TS: It is fascinating that we wrote a book on Devil’s Den over ten years ago, and today, we are no closer to the answer of that question. There are still are no reference of any sort that predate the battle that make mention of that place name. Since our book, several more early references have been discovered. Of course, that evidence is conflicting and confusing and it could be that the term Devil’s Den actually was being used to refer to area of Little Round Top. And it may be that some local was using the reference in some form to describe an area of rocky ground south of Gettysburg. One thing is for sure, the reason that the term became popularized following the battle, and the reason that we refer to that particular group of rock as Devil’s Den today, is historian John Bachelder. At some early point, following the battle, he became aware of the place name, and his usage of the name on his maps and in his lectures led to the terms popularity. Bachelder died in 1894 and a short time later the Gettysburg National Military Park Commission placed a cast iron plaque in front of those rocks with the words “Devil’s Den,” on it.
The both of you have given numerous tours of the Devil’s Den and Little Round Top. What are some of the more interesting, and lesser known, features that you show visitors?
TS: I think many tourist are surprised to learn that there was heavy fighting at the den. While the battle action at Little Round Top has received a considerable amount of attention, especially in recent years, the action at Devil’s Den has not. Over the years, so much attention given to the lore of the sharpshooter, or the eerie unnatural appearance of the rocks themselves. that sometimes the fierce fighting that occurred there on the afternoon of July 2, 1863 gets lost in the shuffle. Beyond that, visitors are fascinated to learn that Little Round Top and Devil’s Den was once the scene of amusement parks, photographic studios, a restaurant and an electric railway. They are fascinated that carving of early visitors once covered the rocks and some are still visible today. Tourists are often surprised that the area was just as popular 100 years ago as it is today.
Over the past yen years or so has the battlefield associated with Longstreet's July 2nd attack changed much? How would it compare to its 1863 state?
TS: We first started giving tours of the Devil's Den to large groups almost twenty years ago. We would stand atop Houck’s Ridge near the monument of the 99th Pennsylvania, and would discuss how the Confederate line of battle formed along Seminary Ridge and crossed open fields in their advance. As we discussed the battle, our groups would stare into the woods a few hundred yards to the west. And on many occasions we would point to those woods and make strong statements urging for the removal of the non historic growth particularly on that section of the field. So in some respects, we feel responsible for generating support for the parks efforts to restore that area of the field. And the National Park Service has taken a very aggressive approached in its efforts of restoration in recent years, and much of the non historic woods have been removed. I think that many of the historians of the battle are greatly interesting the appearance of the field as it was in 1863, but it is not always an easy proposition to restore an area. The accounts of the solders are rarely of use in determining wood lines and photographic evidence does not exist for every portion of the field The Warren map is particularly frustrating and confusing in its representation of rocks and trees. It is difficult, for example, to distinguish between a wood lot and an area of scrub or brush. For our own part we continue to study the evidence and help arm historians of the battle, and the National Park Service with the best understanding of the 1863 appearance of the field as possible, and assist in their restoration efforts in any way we can.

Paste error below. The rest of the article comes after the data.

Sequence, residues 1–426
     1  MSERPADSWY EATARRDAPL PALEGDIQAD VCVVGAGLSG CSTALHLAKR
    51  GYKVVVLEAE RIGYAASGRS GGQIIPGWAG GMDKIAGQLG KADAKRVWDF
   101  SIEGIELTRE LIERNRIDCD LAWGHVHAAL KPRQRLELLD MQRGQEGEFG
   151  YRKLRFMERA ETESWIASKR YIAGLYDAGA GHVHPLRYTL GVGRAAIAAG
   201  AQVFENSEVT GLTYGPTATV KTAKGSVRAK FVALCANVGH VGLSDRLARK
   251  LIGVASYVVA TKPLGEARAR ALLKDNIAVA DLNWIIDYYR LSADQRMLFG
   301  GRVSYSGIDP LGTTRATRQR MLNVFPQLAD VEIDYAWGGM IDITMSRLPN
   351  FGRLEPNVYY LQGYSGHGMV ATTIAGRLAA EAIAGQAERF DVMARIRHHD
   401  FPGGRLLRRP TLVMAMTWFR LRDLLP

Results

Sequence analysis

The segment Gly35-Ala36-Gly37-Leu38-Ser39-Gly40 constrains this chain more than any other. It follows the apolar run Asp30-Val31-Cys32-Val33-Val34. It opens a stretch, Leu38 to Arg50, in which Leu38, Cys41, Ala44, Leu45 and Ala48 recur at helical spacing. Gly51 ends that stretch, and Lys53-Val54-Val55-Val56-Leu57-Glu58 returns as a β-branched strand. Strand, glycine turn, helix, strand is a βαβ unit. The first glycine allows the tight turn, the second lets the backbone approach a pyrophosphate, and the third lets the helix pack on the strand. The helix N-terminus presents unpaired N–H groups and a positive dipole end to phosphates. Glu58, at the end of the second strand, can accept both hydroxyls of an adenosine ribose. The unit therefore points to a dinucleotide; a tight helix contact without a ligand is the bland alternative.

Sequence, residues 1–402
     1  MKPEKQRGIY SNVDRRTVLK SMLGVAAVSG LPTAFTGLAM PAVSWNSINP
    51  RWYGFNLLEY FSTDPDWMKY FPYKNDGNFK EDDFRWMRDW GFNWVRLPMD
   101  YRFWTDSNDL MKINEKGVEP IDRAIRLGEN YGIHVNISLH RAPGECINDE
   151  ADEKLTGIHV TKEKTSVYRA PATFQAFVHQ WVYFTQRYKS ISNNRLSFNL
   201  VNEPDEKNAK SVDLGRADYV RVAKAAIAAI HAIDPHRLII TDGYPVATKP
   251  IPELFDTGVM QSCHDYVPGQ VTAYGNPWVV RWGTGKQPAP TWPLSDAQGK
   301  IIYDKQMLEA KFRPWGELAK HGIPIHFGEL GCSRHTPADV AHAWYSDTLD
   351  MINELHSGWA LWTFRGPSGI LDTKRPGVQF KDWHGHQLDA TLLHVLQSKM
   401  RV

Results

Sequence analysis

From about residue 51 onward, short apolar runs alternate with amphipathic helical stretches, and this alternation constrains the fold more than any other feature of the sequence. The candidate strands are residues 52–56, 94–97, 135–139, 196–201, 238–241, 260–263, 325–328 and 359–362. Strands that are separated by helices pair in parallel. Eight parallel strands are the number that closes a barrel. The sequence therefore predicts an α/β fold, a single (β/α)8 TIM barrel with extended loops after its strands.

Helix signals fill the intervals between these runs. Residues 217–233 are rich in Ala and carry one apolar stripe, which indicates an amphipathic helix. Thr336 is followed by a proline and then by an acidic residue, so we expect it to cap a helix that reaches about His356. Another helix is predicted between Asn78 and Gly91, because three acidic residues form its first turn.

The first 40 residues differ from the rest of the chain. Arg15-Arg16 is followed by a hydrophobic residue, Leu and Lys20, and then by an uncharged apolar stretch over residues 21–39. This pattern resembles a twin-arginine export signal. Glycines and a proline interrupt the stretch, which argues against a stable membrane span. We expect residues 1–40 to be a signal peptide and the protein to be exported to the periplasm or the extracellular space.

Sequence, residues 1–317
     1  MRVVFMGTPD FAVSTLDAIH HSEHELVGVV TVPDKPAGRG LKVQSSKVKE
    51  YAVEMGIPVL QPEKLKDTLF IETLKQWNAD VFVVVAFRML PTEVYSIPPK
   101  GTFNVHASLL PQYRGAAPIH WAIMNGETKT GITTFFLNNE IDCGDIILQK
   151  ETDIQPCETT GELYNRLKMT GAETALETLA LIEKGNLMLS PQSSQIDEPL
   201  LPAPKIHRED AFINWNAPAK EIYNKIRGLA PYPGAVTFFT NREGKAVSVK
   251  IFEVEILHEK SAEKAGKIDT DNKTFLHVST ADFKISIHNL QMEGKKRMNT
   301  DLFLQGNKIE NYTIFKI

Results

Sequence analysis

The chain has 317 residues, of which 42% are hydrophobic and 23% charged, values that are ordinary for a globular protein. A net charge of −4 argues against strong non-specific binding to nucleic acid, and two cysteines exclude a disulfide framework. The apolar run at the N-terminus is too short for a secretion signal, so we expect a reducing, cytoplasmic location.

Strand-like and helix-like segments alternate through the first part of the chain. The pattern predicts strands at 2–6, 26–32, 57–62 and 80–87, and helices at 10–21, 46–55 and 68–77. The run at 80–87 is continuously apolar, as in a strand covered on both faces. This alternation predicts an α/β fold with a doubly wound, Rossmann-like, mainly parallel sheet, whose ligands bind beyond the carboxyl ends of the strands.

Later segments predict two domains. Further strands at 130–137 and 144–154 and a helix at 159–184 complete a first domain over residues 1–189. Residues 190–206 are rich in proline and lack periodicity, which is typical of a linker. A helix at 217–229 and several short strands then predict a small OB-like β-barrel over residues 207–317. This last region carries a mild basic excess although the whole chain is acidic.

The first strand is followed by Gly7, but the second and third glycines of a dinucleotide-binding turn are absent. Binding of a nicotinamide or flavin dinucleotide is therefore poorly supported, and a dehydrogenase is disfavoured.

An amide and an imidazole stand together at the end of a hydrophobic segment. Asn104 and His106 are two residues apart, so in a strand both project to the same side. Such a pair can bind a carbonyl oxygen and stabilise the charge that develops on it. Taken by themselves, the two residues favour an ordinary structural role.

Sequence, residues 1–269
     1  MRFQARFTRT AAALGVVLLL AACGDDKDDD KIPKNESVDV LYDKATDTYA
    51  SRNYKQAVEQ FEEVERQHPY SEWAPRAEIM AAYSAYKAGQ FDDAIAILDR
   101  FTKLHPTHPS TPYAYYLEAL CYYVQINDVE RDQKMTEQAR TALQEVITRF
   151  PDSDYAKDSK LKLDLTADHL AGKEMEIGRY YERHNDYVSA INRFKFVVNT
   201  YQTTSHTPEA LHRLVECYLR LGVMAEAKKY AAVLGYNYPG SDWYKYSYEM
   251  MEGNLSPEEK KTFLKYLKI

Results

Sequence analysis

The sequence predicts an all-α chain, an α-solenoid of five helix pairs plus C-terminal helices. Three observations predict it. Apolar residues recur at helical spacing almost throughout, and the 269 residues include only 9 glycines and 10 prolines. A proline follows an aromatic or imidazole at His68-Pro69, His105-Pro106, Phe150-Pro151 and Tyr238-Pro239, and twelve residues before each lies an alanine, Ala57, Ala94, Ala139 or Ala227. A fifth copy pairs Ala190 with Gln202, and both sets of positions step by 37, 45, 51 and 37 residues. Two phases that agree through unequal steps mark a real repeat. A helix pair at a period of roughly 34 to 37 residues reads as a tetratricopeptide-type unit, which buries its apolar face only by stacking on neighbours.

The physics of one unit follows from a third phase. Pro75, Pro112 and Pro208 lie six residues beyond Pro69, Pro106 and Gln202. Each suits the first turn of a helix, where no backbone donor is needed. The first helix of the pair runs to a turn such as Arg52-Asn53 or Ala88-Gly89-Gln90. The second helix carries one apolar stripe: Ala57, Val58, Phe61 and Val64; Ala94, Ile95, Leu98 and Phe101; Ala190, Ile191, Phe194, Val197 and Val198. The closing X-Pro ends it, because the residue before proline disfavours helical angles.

Looking into the future what sort of battlefield developments or improvements would you like to see at the Gettysburg battlefield?
TS: Just in our lifetime there have been vast and sweeping changes to the battlefield itself and the way the field has been interpreted. And though much is positive not all of the changes are good. There continues to be commercial and developmental pressures placed upon the park itself and the areas just outside of its boundaries. There is still much valuable land, that is not included within the Gettysburg National Military Park boundary. Awareness and education is very important. One of the most often used expressions by those wishing who destroy historic ground is “we didn’t know.” Wayside exhibits need to placed at sites of historic interest, so people are aware that some event occurred there. This in itself would act as a deterrent against development. Personally, I would like to see the area of every skirmish during the Gettysburg Campaign marked and preserved. Make no mistake, if we don’t preserve these areas, they will be developed.
Within the park itself, one of my pet ideas, is to have marked the site of every farm house on barn on the battlefield. The structure that no longer stand could be indicated by a large iron framework outlining the building. You could look through them, but would know and understand a building of some proportion was there. We have the knowledge of the building and know where they stood. Along with the restoration of orchards, wood lots and farm lanes, a project such as this could add immeasurably to the 1863 appearance of the field.